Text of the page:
I’m a self-proclaimed “Woman of Extremes”.
I’m either working hard or playing hard—whether it’s helping clients make their dreams a reality in my financial planning business, writing blogs, giving talks, or spending time with my horse Stella, it’s rare that I feel at a loss for things to do!
So, as I was heading back to work after three glorious weeks of vacation spent with horses, dogs, family and friends, this book, Off the Clock by Laura Vanderkam caught my attention. It motivated me to revise how I approach both my work and my life outside of it—it’s brought the concept of mindfulness front and center.
I learned how my approach to life and work is a mindset with the potential to be a source of stress and ongoing frustration.
I often wonder why I don’t allow myself the pleasure of enjoying life, no matter what I’m doing—why do I feel that work and play are diametrically opposed activities?
Now, to be fair, I do bring lots of enjoyment into my work. I love what I do both at work and at home. Yet for me, time for work is time for work, and the same for play. Additionally, I basically see all weekdays as work days and the weekend days are strictly for play.
While I call this “disciplined laser focus,” Ms. Vanderkam would almost certainly call it something else!
I had hoped by reading this book I would find new and creative ways to both savour my life and my work, all in the same day, lingering in the moment and therefore enjoying what is, not what could be all—an important part of mindfulness. I also want to find ways to become less rigid at work, based on how I approach and experience my days.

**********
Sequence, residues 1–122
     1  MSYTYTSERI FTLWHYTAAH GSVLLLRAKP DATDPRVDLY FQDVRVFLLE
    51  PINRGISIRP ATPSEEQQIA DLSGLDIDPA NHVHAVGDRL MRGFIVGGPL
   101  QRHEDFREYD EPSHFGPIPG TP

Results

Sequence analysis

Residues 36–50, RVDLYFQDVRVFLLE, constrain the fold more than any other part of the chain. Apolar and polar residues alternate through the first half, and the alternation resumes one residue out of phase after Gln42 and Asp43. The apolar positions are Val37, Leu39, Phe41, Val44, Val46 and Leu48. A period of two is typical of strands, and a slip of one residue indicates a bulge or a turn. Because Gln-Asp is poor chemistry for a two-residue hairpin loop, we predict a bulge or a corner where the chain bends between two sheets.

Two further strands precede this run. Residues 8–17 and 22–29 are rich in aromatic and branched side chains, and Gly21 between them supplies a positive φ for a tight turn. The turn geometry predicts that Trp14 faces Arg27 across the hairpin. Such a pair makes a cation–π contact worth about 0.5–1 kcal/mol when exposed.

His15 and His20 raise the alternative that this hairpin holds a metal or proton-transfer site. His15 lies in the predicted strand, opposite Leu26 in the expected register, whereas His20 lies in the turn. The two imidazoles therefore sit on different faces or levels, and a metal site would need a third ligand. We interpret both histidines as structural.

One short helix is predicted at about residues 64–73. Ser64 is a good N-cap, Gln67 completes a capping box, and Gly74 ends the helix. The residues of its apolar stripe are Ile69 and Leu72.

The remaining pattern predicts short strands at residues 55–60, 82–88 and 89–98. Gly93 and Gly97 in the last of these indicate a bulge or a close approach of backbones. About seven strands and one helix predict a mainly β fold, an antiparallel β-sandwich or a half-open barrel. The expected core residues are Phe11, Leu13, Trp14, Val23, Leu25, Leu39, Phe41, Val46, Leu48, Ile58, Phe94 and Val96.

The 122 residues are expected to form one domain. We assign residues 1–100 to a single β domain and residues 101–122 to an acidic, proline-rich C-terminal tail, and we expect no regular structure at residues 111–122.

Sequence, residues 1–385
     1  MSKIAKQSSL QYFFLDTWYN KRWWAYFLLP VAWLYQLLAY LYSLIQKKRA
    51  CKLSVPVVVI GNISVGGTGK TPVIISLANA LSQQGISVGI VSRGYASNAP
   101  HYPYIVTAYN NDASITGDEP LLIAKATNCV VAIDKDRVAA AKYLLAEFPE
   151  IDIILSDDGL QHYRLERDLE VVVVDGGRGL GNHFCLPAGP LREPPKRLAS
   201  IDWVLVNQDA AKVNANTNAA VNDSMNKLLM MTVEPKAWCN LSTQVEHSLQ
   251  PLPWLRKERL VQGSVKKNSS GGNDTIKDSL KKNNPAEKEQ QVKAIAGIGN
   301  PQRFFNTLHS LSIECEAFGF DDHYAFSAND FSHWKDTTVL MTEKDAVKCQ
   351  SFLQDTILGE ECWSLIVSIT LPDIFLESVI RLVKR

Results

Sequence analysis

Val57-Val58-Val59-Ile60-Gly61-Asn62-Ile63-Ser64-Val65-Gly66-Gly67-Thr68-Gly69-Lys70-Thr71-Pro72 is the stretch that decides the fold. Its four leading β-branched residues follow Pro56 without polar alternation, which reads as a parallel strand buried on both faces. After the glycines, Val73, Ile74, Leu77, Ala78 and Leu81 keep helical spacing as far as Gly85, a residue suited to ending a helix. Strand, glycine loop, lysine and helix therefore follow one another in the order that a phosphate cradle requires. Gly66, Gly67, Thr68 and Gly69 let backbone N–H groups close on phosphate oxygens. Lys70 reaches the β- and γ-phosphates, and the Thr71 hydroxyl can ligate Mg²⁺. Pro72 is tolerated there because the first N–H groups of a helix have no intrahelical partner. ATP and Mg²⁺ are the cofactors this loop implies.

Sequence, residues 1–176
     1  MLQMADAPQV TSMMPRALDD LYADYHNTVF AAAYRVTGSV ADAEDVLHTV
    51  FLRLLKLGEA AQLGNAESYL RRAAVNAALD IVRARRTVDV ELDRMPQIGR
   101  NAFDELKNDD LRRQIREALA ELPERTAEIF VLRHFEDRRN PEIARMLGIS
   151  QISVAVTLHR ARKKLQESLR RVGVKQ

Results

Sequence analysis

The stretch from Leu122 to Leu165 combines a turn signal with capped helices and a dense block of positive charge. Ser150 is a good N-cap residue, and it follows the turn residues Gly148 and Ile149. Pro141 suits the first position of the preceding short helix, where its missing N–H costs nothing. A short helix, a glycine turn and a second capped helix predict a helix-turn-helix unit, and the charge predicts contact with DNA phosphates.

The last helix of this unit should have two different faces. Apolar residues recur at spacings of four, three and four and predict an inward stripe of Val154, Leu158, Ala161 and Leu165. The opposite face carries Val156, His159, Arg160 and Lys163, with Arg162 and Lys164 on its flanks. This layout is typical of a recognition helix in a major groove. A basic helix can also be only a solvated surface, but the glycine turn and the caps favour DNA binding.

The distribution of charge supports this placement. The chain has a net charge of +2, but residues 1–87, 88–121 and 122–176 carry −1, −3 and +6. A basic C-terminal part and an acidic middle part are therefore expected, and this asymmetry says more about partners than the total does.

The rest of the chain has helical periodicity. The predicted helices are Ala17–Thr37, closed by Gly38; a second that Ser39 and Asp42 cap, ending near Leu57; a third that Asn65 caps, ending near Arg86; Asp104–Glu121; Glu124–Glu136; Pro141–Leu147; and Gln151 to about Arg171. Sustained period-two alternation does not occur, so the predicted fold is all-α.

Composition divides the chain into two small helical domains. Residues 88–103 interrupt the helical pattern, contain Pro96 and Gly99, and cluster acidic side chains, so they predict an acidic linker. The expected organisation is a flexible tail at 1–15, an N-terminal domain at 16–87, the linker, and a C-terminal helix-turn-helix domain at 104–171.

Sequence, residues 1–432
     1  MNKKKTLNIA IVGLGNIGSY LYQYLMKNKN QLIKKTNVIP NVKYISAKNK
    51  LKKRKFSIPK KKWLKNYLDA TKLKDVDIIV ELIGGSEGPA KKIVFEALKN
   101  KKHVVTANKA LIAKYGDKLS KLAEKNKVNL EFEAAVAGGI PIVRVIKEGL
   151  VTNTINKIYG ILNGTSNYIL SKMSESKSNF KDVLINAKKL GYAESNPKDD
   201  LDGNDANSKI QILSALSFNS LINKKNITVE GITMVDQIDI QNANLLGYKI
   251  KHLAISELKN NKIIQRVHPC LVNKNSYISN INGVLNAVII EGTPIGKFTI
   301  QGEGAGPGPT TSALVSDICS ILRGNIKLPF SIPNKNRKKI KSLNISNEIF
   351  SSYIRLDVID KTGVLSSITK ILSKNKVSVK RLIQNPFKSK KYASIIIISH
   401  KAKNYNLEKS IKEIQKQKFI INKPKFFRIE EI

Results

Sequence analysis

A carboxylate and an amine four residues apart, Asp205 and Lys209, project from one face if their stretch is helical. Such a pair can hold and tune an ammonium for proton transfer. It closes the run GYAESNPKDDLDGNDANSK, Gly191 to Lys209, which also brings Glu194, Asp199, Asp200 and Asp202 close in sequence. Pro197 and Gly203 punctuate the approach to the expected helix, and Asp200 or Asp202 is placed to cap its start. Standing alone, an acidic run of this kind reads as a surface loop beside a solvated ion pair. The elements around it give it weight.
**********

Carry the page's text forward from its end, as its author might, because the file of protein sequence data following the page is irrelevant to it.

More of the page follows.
I’ve gotten so many great ideas and tools that are quickly shifting my perspective/mindset and in turn, my behaviour. So much so that I wanted to share Vanderkam’s “Seven Secrets of People With All the Time in the World”.
Along with that, I want to reflect on how many, if not most, of these secrets pertain to financial life planning.
Before we get to that, don’t miss this post where I discuss estate planning with your loved ones.
1. Tend your garden.
Mindfulness is not new.
Becoming mindful of your time, how you spend it, and who you spend it with can be very revealing: “The daily discipline of minding one’s hours changes the experience of time. It can lead to a savoured life”.
In my office, we all started tracking our time and more. We had fun starting a stopwatch to determine how much time we spent completing certain activities. We turned it into a game with the ultimate goal of being more efficient and productive with our time at work.
There’s good reason for becoming more productive and efficient with our time.
First of all, Financial Literacy is extremely important to us and we have two innovative and fun financial literacy courses we’re going to launch in the upcoming months.
Also, developing our visual philanthropy toolkit—the model to accompany our focus on meeting the philanthropic needs of our clients and prospective clients—is a high priority.
We intend to achieve all this in addition to fulfilling our current client’s needs. This means regular meetings and more effective communication are increasingly vital as we move forward.
Working in financial services, we also know that once people start to become more mindful of their spending by tracking it, the amount getting spent goes down (an effective immediate achievement).
The additional benefit is we start gaining valuable insights into why we spend what we do. Like how we spend our time, how we spend our money helps us gain a better understanding of what we’re actually doing in a tangible and practical sense, and from there we can decide if that’s what we want in our lives.
Have you thought about what you want your legacy to be? Have a look at this.
Vanderkam encourages you to create daily intentions; i.e., what three accomplishments would make me feel like you got a lot done today? What do I like about my schedule? What would I like to spend more time doing? What would I like to spend less time doing? How can I make that happen?
These are questions that take little time to ask and answer at the beginning of your day, but can have a tremendous impact on what you accomplish and how you feel afterwards.
2. Making life memorable: How to make today different and therefore memorable from other days.